Revisiting K3G (2001): Shallow and Confusing Grandeur

Revisiting K3G (2001): Shallow and Confusing Grandeur

If you are an Indian, Kabhi Khushi Kabhie Gham (2001) needs no introduction. Foreigners are excused since they (probably) have escaped a three hours thirty minutes long tedious watch. 

Kabhi Khushi Kabhie Gham is an ‘eventful’, high on energy and sentiments, Bollywood musical romance that was released on 14th December, 2001 and has completed twenty years this month. Since it is such a big sensation in this country, the ‘twenty years of K3G’ shindigs came as no surprise. However, I could not help but notice how the netizens went bananas for the celebration.  Memes, reels with cheesy captions, dance videos, throwback pictures were a gogo on social media for a few days.

(The only time I was thanking my algorithm for sparing me from all these shenanigans.)

For those of you who chose not to watch the full 180 minutes of this dewy-eyed melodrama and the ones who have wiped your memory clean of this mawkish abomination (blessed art thou!), a quick recapitulation of the plot. Kabhi Khushi Kabhie Gham is a typical family drama through and through.  Rahul (Shahrukh Khan), the adopted elder son of a very rich family (the Raichands), went against the will of his father Yashwardhan (Amitabh Bachchan) and married a middle-class girl, Anjali (Kajol). This inevitably results in his fall from grace, which, for an upper-class Indian gentleman like Rahul, means being banished from his father’s empire and stripped of the lavish opportunities that a privileged life offers. Years later, Rahul’s younger brother Rohan (Hrithik Roshan) sets out to bring his brother back home. He tries to reunite his divided (what he calls incomplete) family.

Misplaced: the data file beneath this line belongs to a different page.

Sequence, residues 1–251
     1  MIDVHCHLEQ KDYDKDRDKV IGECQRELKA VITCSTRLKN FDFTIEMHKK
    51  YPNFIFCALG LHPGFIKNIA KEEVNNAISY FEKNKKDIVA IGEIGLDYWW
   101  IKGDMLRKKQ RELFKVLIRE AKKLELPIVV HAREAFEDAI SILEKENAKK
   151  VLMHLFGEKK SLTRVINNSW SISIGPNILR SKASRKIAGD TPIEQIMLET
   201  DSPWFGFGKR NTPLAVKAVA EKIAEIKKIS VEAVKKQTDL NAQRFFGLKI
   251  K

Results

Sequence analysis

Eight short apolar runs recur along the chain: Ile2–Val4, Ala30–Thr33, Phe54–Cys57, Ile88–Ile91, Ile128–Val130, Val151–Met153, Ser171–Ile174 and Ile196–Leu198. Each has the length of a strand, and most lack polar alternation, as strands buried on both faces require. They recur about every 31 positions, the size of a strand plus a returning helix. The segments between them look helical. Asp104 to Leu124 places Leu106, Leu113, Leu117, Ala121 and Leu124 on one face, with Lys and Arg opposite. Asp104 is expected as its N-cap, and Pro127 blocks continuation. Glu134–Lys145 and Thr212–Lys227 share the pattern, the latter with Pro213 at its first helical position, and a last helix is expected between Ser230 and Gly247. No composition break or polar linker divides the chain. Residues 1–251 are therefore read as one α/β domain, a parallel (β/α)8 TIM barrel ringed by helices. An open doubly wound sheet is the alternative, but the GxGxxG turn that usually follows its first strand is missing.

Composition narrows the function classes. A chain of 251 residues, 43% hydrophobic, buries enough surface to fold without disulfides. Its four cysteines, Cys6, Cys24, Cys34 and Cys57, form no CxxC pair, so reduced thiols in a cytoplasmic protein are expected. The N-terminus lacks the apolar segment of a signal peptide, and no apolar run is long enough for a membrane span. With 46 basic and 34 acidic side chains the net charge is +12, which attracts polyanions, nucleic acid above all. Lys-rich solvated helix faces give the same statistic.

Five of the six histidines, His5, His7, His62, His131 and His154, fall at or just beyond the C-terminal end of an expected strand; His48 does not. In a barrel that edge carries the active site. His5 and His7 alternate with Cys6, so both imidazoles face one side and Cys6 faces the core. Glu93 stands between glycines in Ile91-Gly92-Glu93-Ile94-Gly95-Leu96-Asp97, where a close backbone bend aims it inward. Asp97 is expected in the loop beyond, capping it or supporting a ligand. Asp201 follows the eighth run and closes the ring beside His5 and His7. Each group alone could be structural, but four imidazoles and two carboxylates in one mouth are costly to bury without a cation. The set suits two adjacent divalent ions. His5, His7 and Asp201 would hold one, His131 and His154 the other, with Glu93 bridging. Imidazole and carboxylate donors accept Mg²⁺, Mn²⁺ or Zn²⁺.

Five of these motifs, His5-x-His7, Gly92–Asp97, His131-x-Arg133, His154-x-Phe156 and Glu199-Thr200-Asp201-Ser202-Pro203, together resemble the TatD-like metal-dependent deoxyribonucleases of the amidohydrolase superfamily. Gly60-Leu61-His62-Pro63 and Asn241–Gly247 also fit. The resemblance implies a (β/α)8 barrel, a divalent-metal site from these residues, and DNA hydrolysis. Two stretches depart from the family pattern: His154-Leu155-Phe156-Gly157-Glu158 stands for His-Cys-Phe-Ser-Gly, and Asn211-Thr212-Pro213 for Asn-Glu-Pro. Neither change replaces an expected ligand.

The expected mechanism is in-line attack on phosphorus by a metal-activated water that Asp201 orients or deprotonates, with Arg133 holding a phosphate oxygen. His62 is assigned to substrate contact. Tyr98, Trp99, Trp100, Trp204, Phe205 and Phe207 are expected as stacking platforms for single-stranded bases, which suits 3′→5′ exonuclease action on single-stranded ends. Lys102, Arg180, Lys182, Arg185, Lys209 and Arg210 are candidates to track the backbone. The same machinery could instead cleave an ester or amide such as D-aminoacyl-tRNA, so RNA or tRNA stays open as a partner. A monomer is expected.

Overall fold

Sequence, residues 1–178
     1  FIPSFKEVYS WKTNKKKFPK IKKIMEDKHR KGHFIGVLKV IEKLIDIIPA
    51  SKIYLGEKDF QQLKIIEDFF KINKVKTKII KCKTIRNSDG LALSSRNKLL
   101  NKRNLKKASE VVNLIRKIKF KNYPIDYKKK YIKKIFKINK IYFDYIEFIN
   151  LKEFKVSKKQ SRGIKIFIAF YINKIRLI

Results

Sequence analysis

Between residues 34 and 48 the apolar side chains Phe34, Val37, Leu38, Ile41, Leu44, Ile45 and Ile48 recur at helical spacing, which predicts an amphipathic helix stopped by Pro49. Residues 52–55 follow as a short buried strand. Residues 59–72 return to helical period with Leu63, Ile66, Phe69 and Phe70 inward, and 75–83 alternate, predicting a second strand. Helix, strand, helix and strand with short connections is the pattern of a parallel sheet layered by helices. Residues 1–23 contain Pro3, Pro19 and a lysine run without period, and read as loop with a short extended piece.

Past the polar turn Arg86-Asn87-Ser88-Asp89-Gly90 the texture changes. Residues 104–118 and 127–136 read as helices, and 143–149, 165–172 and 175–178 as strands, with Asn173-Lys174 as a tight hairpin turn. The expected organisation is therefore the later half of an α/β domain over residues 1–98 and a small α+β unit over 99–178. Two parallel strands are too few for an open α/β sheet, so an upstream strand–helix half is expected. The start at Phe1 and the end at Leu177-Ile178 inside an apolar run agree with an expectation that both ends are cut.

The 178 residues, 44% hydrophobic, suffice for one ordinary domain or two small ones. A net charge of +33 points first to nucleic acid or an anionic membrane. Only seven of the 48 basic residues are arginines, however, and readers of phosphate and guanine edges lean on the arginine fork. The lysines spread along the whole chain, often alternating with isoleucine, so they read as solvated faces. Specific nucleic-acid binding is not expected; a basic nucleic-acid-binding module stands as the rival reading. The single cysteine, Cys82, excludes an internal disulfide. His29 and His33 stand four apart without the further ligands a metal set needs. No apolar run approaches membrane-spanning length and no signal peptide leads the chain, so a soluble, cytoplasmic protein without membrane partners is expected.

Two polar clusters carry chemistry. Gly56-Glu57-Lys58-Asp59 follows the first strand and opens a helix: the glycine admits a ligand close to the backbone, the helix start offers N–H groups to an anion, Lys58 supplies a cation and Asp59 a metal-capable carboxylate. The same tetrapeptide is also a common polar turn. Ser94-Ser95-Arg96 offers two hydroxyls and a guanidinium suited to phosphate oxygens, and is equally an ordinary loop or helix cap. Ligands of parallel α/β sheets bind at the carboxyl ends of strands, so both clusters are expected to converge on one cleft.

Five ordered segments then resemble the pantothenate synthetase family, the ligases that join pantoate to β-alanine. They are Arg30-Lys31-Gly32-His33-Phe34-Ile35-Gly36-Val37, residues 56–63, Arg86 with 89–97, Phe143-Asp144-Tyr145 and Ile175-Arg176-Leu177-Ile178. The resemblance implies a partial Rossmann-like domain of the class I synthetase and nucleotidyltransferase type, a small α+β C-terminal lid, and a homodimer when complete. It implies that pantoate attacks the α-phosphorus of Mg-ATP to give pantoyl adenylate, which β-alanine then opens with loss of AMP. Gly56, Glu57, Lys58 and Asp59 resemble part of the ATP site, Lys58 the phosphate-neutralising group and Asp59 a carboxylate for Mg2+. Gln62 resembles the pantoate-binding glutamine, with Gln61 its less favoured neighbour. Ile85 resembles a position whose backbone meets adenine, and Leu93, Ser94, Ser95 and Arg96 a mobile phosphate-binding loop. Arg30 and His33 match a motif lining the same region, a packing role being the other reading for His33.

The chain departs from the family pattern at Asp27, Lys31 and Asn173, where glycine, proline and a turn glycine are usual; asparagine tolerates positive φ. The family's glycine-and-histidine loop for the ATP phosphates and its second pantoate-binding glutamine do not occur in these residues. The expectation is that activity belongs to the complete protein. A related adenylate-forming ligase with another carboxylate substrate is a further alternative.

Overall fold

The film also stars Jaya Bachchan (Nandani Raichand) and Kareena Kapoor Khan (Pooja aka Poo) in pivotal roles. Apart from them, Rani Mukherjee, Johnny Lever, Farida Jalal, and Alok Nath grace the screen. 

Watch Kabhi Khushi Kabhie Gham on Amazon Prime

Fun Fact: Aryan Khan appeared on screen for the first time in this film when he played a younger Rahul in the opening montage. (Screams of the anti-nepotism brigade in 3…2…1. To enrage them further, Jessy Lever also appeared in this film, have fun with that information)

All jokes aside, Kabhi Khushi Kabhie Gham, with an eventful plotline and a stellar cast, failed to impress the critic in me. We will come to that eventually. If you have sat through this strenuous three-and-a-half-hour-long film, you can patiently read this article. 

Before delving deep into that, let’s first talk about the title. The title’s literal translation would be ‘sometimes happy sometimes sad’ which is the mood of the film. Although in retrospect, it seems, ‘kabhi pareshaan’ would have been a nice addition.